How do I know this? I write almost 17,000 words in business every week, and this quota is rising because of my ’28-Days of Blogging’ experiment. Planning and outlining all the Facebook posts I create for my Facebook group and my blog posts is what’s getting me through this ’28 Days of Blogging’ experiment. But, I need to take this planning one step further.

 

This morning I started listening to episode 023 of the Self-Publishing Formula Podcast by James Blatch and Mark Dawson. In this podcast, they interview Rachel Aaron. Rachel is a hybrid author of multiple fiction and nonfiction books. James and Rachel discussed the contents of her book ‘From to 2K to 10K’ which is about how to increase your word count. My biggest takeaway from this podcast was how Rachel chose to prepare for her writing sessions. Rachel mentions that she outlines every scene. When it comes to writing, Rachel spends a few moments getting clear on exactly what she will be writing that day. This is what I aim to do before every writing session. Before every session, I will dig deeper into my scene description so I know exactly what I am going to write.

 

Record your progress

At 11:00 PM last Sunday, I watched a live Facebook Q + A session by Joanna Penn on her Facebook page for The Creative Penn. In this session, she answered a variety of different questions in relation to writing, editing, and self-publishing. Joanna mentioned that during her first draft stage of writing a book, she records her progress in a journal. If she doesn’t write any words that day, no entry is made in the journal. This is how she keeps track of how often she is writing and if she is skipping days or in my case, months. I do have a word count tracker spreadsheet but, this isn’t motivating me enough to write more often. So, I’ve decided to start journaling in my little moleskin journal. I’m going to write the date, word count for the day, as well as a list of scenes written for that day.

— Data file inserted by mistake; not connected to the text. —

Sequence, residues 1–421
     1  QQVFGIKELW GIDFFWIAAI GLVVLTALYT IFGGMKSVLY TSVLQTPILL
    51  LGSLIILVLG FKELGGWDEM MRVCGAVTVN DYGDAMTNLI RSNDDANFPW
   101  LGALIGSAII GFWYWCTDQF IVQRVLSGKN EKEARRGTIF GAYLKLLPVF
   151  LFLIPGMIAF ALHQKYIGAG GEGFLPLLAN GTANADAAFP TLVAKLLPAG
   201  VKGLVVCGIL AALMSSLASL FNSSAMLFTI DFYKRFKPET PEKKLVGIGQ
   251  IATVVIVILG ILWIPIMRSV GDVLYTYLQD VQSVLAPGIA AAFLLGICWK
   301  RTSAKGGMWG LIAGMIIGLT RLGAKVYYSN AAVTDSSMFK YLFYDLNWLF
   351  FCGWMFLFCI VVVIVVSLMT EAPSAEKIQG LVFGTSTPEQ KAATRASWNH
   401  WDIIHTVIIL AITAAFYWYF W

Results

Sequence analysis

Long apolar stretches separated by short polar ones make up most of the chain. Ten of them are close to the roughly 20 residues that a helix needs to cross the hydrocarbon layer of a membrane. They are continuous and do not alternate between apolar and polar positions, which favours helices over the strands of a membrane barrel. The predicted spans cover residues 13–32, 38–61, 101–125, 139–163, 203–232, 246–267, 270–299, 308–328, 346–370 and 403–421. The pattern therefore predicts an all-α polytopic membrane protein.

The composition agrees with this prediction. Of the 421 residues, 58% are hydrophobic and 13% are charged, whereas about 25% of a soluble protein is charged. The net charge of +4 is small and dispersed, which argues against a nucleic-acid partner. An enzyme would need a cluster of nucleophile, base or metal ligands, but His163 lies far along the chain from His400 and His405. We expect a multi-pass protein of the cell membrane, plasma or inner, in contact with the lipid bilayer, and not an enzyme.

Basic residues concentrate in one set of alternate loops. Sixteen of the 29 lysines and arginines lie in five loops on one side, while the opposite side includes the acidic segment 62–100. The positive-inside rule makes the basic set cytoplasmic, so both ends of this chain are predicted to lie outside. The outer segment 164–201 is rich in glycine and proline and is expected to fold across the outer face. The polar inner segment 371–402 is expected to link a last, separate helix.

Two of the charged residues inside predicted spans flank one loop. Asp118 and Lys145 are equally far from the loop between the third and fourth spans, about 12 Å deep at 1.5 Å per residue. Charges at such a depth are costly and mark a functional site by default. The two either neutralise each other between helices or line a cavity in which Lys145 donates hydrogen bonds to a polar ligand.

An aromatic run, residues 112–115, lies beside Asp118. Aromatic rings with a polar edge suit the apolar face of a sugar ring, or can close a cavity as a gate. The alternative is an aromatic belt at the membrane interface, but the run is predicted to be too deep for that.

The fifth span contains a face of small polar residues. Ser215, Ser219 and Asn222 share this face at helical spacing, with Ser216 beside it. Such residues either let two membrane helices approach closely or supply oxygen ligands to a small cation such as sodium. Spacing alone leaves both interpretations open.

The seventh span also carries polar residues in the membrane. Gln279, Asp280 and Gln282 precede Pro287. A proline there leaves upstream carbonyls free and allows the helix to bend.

There’s more to writing than just writing

I do believe it’s worth mentioning there is more to the writing process than just writing. I know this sounds strange but hear me out. Brainstorming ideas, research, character development, writing the first draft, self-editing and platform building, are all stages of the book writing process. These other aspects of the writing process are just as important because they add value and improve a book. It’s important to make daily process on your book, so sometimes this may mean doing something else other than writing. I’m going to include this broader definition of writing in my journalling habit as well.

 

Concluding Thoughts

Today, I’m making a commitment to change my terrible fiction writing habits and replace them with great writing habits. How about you? Do you have bad writing habits, as I do? Will you join me in making a similar commitment? I want to hear from you. Let me know by sharing your story in the comments section below.

 

Thank you for listening, reading, commenting and sharing with such enthusiasm.

 

Your coach,

 

Amelia xx

 

Amelia Hay
Amelia Hay

I’m Amelia. I write Mystery Novels under the pen name A. D. Hay. And, I’m the author of Missing, the first book in the James Lalonde series. On this blog, I help new writers to finish their first draft, prepare their manuscripts for professional editing, and when they get stuck in the first draft phase or are confused about the revision process. Right now, I’m editing and preparing my soon to be published mystery novels, Duplicity, 24 Hours, and Immunity for publication.